How Are You Hiring Candidates for Marketing?


It’s that time of year again. If you’ve been struggling when it comes to hiring candidates for your marketing department, you know that thousands of new college graduates have joined the small pool of job seekers. How have you been trying to recruit candidates? Is it time to make a change? To help you think this through, Jason Tabeling has revealed some of his hiring practices in a recent SearchEngineLand post.

Hiring Candidates for Marketing

In the current tight labor market, don’t get locked into the idea that you need a candidate with a four-​year college degree. As Tabeling explains, you can make hiring decisions based on a candidate’s “aptitude and desire to show up and do the work.” There’s no better way to get at a candidate’s aptitude than to ask them to take a psychometric assessment.

Analyzing Skills

When hiring candidates for marketing, some hiring managers focus on whether a person knows the difference between SEO and SEM. They’ll nitpick about whether a candidate can handle the Oxford comma. A better approach is to distinguish between hard and soft skills. It’s easy to see whether a person has specific certifications. It's not always easy to determine whether a candidate has the soft skills necessary to work in a team environment.

During an interview, it can be challenging to learn whether an individual possesses empathy or curiosity because they'll tell you what they think you want to hear. Ask them to take a psychometric assessment, and then you’ll have a better idea about whether they are generally positive, resilient and apply attention to detail in their work – all important skills in the marketing department.

Psychometric assessments also indicate whether an individual is open to coaching. The new college graduate sitting across the interview desk from you may hold a degree in geology. Before you dismiss them because of a lack of relevant education, consider their soft skills and their coachability. You may be able to develop this person into a digital marketing star.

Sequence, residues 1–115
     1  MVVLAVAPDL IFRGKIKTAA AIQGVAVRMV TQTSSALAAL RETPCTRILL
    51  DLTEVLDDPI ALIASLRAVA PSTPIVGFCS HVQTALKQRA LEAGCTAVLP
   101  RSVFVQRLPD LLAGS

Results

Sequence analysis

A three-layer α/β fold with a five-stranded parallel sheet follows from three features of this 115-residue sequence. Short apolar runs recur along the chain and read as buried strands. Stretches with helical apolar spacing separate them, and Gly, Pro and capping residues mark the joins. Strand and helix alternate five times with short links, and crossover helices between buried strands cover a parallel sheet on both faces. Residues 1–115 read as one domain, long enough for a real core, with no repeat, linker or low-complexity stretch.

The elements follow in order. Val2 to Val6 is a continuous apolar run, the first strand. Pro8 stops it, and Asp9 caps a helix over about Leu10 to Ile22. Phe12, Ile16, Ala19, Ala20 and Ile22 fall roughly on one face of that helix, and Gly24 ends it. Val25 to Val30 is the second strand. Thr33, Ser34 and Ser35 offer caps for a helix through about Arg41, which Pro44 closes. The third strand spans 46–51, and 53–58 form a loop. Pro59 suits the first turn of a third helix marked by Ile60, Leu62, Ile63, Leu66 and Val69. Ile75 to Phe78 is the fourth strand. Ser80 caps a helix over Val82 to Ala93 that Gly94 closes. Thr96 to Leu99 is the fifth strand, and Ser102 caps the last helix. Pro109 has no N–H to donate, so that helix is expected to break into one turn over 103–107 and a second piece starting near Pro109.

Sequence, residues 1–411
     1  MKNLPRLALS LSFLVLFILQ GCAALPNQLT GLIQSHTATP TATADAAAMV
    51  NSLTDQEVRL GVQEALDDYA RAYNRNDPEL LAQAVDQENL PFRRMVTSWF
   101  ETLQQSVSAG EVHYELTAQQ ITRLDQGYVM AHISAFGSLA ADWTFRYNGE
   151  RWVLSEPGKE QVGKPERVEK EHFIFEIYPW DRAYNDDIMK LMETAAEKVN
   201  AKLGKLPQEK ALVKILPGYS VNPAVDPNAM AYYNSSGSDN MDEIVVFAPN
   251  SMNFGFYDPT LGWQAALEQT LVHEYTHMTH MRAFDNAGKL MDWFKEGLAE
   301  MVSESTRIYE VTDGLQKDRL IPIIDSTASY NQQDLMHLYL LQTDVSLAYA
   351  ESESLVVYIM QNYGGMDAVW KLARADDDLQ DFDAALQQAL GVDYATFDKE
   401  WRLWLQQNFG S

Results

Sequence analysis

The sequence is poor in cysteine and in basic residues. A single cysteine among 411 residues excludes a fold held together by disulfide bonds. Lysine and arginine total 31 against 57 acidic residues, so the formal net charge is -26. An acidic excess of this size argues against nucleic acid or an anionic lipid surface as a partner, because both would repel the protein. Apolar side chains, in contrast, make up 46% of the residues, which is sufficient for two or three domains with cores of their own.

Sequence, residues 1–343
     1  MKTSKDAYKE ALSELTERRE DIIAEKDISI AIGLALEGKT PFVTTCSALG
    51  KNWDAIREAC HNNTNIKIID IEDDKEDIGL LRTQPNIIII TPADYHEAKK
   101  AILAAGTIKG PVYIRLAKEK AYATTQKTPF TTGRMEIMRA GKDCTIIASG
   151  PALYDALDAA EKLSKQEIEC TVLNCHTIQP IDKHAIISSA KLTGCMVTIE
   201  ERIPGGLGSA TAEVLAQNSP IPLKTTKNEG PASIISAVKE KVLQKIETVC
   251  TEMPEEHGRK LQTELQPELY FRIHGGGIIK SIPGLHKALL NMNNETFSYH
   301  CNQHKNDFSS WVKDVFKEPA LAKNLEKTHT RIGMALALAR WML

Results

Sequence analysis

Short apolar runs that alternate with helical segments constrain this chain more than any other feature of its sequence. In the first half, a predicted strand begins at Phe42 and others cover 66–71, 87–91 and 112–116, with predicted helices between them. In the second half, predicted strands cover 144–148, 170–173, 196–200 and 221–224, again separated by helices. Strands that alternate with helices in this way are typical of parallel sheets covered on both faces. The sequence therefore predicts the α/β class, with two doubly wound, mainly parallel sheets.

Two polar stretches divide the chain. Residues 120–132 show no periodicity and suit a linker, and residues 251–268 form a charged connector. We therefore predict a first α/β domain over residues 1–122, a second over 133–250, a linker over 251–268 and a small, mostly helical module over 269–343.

Interview Questions

While assessment data will provide you with good information about a candidate, you can learn other critical details about them in a personal setting. But the interview can be a disaster unless you prepare. Too many interviewers making the mistake of talking about themselves and their companies. Through all this talking, they aren’t learning much about the candidate. Use the assessment data to probe areas you’re curious about. If employees at your company are expected to work closely with other team members, ask the candidate to describe their best and worst team experience. Even if they talk about team sports, you’ll get a sense of how team dynamics work for them.

Setting Expectations

To avoid a failed hiring experience, make sure the candidate understands what your organization expects of employees. These days, it’s tempting to sugarcoat the work experience just to get a person onboarded. But you don’t want to lose a new hire and have to start the expensive and lengthy recruiting process all over again because you weren't truthful or specific enough.

One key factor surfacing in many hiring discussions these days centers around whether employees can work remote. Some of today’s younger employees are eager to work in an office environment. They want the social interaction, and they hope to learn from more experienced employees. They haven’t been burned out by frustratingly long commutes. That’s great. But there are other folks who prefer to work from home. You’ll need to be clear about your expectations. We can’t all be Elon Musk, who recently demanded employees work in the office and announced, “If you don’t show up, we will assume you have resigned.”

Finding great employees has never been easy. But you can improve your odds by using psychometric assessments when hiring candidates for your marketing department.

Photo on Pexels by Tima Miroshnichenko.

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Kathy Crosett
Kathy is the Vice President of Research for SalesFuel. She holds a Masters in Business Administration from the University of Vermont and oversees a staff of researchers, writers and content providers for SalesFuel. Previously, she was co-​owner of several small businesses in the health care services sector.